Spring is here finally and we’re ready. The birds are coming back in droves, the grass is getting greener with each day and the fields are drying out nicely.
In the past week I’ve spotted swallows, killdeer and one lone Great Blue Heron. On my way to Johnny’s each morning I can check on the progress of two pairs of Ospreys building their nests. There’s one goose at the pond; I assume he’s calling for a mate. The starlings are busy building nests around the home place and as the ice is out of the pond, the ducks are getting ready to nest.
The fields are firming up nicely and I can walk across most of them without sinking in too much. It’s tempting to drive a tractor out in the field and get started in field prep. But it’s too early and getting out there too early can be detrimental to soils in many ways. How you say? Glad you asked.
Working soil that is too wet causes the soil to lose its structure. The soil will pack soil particles tightly, leaving less room for water and air to penetrate. This compression forms tight clumps of soil that become “rocks” upon drying and are difficult to remedy at this point. This is called compacted soil. We all try to avoid compacting the soil as it makes it very difficult to grow crops there once the soil has become compacted. Roots find it hard to penetrate as do gardening tools and equipment. Water absorption is greatly reduced so this spot will easily become a wet hole in subsequent seasons making for an even later tilling date than usual.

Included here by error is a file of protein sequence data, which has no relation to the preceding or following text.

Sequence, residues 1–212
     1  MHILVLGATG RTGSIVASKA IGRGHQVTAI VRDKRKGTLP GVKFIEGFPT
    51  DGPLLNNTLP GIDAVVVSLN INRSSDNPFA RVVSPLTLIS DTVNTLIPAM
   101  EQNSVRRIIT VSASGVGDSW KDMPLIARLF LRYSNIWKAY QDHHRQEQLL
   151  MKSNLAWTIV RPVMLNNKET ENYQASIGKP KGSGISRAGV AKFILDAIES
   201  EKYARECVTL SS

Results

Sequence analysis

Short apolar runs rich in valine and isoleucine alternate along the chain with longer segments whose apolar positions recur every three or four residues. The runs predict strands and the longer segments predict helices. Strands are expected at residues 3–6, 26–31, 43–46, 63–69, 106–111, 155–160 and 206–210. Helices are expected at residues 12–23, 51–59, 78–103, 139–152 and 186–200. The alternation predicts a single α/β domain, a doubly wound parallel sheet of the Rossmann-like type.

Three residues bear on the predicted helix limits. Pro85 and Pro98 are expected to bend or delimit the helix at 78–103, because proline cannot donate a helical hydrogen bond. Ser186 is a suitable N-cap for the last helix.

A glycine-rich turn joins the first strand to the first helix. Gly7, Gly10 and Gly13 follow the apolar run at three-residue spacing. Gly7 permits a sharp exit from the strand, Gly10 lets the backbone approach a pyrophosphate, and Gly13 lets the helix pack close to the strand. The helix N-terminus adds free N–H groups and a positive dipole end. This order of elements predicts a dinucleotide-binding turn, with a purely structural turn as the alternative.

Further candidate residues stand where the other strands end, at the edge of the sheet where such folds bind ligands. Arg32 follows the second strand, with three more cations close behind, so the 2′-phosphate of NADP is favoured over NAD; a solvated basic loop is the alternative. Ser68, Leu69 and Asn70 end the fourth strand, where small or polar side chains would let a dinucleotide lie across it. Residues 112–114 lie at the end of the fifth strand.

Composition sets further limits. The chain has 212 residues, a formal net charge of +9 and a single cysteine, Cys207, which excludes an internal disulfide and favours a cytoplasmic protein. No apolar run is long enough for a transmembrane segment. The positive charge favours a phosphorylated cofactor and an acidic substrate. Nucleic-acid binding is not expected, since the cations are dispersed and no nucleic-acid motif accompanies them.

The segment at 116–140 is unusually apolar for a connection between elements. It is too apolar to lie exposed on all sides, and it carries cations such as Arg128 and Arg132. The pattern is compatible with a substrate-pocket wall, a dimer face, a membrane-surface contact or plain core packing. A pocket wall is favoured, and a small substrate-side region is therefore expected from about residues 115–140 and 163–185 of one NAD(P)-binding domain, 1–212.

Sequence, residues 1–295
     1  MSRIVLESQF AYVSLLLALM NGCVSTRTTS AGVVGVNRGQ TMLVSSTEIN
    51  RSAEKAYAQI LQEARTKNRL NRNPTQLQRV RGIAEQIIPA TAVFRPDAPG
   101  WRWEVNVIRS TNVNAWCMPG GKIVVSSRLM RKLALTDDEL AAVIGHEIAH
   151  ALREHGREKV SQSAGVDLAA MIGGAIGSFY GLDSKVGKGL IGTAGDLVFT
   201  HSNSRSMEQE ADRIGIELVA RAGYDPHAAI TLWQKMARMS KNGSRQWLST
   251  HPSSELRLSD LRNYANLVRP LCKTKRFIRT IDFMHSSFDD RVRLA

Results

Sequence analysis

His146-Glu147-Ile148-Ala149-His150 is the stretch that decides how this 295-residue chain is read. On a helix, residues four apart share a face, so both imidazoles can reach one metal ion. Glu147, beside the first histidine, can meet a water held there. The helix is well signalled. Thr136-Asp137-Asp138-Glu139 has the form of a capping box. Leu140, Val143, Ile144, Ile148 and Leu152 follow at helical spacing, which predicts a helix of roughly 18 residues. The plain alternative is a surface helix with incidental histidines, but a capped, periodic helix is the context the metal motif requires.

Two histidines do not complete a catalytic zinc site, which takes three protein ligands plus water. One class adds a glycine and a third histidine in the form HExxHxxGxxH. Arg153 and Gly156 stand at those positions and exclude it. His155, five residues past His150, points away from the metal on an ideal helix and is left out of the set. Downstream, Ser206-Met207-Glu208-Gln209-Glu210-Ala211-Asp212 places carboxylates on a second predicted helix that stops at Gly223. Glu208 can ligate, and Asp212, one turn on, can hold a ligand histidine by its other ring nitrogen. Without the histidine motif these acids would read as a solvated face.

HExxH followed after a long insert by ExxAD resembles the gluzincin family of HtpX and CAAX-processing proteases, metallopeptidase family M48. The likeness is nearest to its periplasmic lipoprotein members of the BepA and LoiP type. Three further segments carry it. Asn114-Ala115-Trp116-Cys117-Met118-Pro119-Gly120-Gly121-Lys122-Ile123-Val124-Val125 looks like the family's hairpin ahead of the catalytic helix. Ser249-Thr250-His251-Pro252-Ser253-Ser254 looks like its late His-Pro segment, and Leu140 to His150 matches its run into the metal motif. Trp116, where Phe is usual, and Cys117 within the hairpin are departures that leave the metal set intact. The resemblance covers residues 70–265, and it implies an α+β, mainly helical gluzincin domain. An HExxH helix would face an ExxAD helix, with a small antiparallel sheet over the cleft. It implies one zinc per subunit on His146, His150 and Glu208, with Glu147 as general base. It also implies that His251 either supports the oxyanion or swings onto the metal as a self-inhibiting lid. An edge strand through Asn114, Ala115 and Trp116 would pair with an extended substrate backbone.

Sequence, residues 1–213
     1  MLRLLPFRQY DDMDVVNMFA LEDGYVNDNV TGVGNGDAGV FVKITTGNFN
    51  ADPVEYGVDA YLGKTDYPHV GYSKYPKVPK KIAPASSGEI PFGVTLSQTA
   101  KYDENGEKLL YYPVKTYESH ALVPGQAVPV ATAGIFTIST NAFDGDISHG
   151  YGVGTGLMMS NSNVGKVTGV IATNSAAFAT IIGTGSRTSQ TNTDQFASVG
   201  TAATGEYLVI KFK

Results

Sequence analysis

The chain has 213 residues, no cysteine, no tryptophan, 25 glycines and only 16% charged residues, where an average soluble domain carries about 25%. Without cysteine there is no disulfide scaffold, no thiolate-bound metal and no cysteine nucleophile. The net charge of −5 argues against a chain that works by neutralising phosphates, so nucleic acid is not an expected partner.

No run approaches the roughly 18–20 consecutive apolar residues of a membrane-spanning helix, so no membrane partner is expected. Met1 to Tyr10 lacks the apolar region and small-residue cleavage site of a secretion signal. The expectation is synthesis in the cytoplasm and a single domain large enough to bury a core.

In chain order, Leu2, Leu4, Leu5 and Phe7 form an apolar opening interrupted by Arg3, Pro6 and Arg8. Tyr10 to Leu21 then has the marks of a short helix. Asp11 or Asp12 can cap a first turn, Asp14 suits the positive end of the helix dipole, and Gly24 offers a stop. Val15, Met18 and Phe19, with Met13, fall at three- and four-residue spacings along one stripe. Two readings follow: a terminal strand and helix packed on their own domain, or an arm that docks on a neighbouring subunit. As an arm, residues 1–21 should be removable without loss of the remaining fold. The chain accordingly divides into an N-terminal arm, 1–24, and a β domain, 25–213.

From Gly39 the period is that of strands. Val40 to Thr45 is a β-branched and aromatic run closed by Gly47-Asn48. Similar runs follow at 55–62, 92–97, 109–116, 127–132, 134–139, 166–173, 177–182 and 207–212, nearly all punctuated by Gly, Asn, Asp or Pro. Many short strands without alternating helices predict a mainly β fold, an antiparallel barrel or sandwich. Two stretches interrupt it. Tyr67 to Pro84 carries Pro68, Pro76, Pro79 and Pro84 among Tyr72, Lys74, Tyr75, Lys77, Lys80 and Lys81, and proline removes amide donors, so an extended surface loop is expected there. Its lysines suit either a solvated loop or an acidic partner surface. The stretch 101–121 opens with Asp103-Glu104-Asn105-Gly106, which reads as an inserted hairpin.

To remedy this situation tilling large amounts of compost in and planting cover corps will help break up the compacted layers of soil. A crop with a long taproot would be best – Sweet clover comes to mind right off quick. Of course the best plan of action is to avoid tilling until the ground is dry enough to work anyways. Yes, I know it’ difficult to wait, especially after such a long winter, but it will pay off in the long run.
If you need something to keep you outdoors and busy until it’s time to get in the garden, there’s always lots of spring chores to be done. It’s a good time to dig out those garden tools you put away last fall and check for wear and tear. Time to check and replace the lawn mower blades and belts, check your garden hoes and replace heads and handles as needed. And sharpen them; nothing works better than a sharp hoe. There’s always plenty of raking; that’s one of my favorite spring chores. There’s almost nothing better than spending the day with my old steel lawn rake, raking up dead grass and leaves and getting the grounds ready for the upcoming season.
The flower beds all need a good raking and adding some compost would be good before the plants start coming up too much. Installing tomato cages over the taller plants like delphiniums and Hollyhocks will be much easier now (on them and on me) than once they start to fall over. I’ll add more compost to the planters and window boxes and get some fresh paint on them as soon as the weather cooperates.
Last year I learned that I better get all these chores done in April because come May, between Johnny’s, all the chickens and ducklings and bass fishing, I don’t have much extra time to do the before mentioned tasks. There seems to be little time between the winter blahs and seed planting time, but at least it’s at the beginning of the season. We can all look forward to sunny, warm days and green grass and flowers and soon the long, cold and snowy winter will be but a distant memory.
Until next week, enjoy the season,